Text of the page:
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  • 7 Lessons From a Mom Who Wanted Her Child to Read Before Preschool

    The mom, who shares her 7 secrets to raising a reader, just needed to be patient.
    by Alexine Parreno .
7 Lessons From a Mom Who Wanted Her Child to Read Before Preschool
  • I couldn’t wait for my daughter Adriana to start reading. I wanted her to be super smart, so I bought Baby Einstein DVDs, which were expensive at Php500 each. I would sit beside my baby while she watched and waited for the light bulb to appear over her head. 

    And nothing. Nothing happened. In fact, Adriana didn’t like watching them so we could never finish a DVD. Oh boy. 

    Then, I tried to convince her dad that we NEEDED to purchase a set of My Baby Can Read before she turned a year old. Wouldn’t it be amazing if Adriana could learn to read before she could walk? He wisely said that reading out loud to her, which we did since she was born, was enough at this stage.

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    We enrolled Adriana in preschool when she was 3.5 years old. A year later, she still wasn’t reading on her own. I got worried about my choice of school when the teachers assured me she was on track with her developmental skills. Hmmm.

    Adriana was 5 when we found Terry Toots by Francesco Pittau in the school library. I asked her if she would like to read it aloud by herself. She started reading it, and the story was so hilarious that we were both laughing from beginning to end. 

    It wasn't after she closed the book that I realized Adriana had read it all by herself! I swear there were tears in my eyes — MY DAUGHTER CAN READ! 

    What happened next completely caught me off guard. As soon as Adriana figured out how to read, it was like a dam broke — there was no stopping her. She didn’t even struggle with complex words; at that point, she had an extensive vocabulary, so it was just a matter of recognizing them in their written form. Within a few months from her first storybook, Adriana was reading Geronimo Stilton chapter books. I read my first chapter book (Nancy Drew The Secret of the Old Clock) in Grade 3!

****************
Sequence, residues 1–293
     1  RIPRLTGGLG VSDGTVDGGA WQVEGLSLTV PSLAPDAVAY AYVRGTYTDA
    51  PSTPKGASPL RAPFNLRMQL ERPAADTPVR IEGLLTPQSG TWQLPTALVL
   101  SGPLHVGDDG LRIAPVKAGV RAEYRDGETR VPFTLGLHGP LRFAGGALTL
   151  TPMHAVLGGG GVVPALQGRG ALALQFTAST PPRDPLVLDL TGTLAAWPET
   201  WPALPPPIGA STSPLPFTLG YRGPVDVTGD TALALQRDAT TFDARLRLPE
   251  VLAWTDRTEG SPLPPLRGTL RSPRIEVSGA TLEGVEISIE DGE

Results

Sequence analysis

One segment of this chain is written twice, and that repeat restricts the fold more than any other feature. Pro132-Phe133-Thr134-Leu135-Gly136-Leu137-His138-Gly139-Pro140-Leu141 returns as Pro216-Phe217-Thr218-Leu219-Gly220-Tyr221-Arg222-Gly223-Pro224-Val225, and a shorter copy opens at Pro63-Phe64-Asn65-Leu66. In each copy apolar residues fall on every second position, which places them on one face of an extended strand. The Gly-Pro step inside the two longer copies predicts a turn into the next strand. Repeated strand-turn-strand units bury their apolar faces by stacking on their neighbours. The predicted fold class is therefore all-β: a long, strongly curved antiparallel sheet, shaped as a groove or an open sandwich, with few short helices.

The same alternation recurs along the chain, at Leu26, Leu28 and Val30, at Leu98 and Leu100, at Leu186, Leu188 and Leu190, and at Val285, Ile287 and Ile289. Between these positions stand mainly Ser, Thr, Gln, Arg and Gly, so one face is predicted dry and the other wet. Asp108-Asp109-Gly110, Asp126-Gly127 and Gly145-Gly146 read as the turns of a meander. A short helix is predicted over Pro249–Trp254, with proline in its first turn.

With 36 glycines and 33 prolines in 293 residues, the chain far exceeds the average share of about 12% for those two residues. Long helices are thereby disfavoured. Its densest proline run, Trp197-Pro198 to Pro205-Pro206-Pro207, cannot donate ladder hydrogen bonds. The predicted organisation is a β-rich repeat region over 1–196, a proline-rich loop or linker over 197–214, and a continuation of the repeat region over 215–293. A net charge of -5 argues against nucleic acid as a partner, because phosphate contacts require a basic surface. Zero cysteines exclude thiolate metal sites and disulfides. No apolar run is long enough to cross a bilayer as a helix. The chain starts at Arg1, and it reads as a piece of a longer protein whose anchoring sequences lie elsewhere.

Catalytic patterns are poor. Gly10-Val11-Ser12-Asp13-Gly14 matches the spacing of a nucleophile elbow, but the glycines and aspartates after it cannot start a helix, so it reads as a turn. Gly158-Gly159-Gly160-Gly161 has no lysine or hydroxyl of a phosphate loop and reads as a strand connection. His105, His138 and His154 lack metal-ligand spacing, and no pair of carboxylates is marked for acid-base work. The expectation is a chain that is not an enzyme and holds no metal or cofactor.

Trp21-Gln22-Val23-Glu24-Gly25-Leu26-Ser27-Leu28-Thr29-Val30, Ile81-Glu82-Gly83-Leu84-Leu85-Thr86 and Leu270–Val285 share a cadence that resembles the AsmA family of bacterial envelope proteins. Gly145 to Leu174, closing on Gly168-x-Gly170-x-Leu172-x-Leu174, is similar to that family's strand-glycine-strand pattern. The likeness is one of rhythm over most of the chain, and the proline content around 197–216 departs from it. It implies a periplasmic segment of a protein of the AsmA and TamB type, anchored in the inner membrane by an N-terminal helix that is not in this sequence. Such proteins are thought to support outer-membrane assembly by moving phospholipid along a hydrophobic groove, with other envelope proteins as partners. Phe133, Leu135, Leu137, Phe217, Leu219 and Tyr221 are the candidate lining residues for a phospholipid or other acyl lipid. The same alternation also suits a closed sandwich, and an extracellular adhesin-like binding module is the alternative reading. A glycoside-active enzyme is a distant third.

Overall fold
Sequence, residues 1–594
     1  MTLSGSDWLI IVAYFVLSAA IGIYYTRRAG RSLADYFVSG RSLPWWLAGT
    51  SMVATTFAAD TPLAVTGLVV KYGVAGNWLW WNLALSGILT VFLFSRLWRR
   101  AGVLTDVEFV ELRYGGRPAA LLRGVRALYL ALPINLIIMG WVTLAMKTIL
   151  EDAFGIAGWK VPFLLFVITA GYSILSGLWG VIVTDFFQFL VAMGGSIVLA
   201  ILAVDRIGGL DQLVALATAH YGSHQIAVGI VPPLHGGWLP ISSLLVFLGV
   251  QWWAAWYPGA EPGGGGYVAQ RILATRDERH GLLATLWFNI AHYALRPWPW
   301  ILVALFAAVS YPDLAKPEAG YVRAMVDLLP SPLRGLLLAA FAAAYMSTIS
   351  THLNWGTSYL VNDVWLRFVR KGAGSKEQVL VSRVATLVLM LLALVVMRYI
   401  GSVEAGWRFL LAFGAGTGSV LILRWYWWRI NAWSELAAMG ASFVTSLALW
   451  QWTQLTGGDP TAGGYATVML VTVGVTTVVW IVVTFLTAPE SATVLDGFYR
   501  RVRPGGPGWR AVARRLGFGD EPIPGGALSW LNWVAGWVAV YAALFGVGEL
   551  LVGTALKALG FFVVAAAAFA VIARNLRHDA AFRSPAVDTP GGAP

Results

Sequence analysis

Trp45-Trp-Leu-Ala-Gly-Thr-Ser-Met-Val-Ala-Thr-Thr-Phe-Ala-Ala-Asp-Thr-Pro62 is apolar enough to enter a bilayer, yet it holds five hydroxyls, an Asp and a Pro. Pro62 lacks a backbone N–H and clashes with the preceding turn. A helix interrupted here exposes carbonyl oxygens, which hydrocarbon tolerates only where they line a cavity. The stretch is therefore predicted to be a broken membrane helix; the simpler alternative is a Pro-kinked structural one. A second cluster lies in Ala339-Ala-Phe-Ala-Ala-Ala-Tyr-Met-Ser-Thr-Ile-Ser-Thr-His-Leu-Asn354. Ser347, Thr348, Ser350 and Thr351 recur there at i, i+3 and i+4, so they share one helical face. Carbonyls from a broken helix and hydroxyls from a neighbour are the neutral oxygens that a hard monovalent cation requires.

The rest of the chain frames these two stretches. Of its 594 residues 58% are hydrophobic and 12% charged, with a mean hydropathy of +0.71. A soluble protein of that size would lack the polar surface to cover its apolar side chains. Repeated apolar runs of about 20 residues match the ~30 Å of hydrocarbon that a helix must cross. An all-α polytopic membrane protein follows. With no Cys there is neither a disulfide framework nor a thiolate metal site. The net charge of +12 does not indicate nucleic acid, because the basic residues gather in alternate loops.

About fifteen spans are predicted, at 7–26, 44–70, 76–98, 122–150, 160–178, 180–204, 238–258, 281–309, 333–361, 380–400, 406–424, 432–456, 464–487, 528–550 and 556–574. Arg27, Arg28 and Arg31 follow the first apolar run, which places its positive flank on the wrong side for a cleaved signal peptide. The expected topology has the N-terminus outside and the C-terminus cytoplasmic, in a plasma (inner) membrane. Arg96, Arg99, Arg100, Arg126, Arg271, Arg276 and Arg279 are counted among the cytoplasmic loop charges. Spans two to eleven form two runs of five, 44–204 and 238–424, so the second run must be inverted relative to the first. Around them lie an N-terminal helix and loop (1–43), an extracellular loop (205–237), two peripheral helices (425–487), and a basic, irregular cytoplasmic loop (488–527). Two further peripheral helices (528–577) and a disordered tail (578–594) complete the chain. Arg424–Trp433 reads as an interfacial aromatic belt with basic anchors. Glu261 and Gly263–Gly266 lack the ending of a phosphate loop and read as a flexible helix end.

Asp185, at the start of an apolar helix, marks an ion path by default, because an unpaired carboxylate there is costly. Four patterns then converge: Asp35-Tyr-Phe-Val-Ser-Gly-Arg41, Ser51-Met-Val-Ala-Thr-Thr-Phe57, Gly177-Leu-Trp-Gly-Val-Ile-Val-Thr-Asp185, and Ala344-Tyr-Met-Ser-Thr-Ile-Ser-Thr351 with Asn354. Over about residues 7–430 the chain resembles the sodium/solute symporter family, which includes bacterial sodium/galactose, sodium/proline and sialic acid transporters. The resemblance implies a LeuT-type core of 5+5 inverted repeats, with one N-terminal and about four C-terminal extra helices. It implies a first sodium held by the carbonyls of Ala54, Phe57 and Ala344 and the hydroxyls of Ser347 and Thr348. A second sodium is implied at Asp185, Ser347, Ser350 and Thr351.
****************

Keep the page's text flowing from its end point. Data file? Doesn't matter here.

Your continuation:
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    Adriana’s 7 now and in first grade. She still has her favorite picture books in her library, but she’s also midway in her first Percy Jackson book. Even my mom, who told Adriana's preschool teachers that we, her kids, started reading at 4, was shocked when she saw what she was reading.  

    How did this happen? Yes, Adriana had amazing teachers in her preschool (shout-out to Toddler’s Unlimited!), but we attribute a huge chunk of her reading skills to one main activity —READING TOGETHER. We’ve been reading together every single day since she was born. Even now that she can read on her own, she still occasionally asks for mom or dad to read to her because “It’s the best.” 

    Here are some tips on how we sustained reading together through the years. It’s not as tedious or as costly as you’d think 10.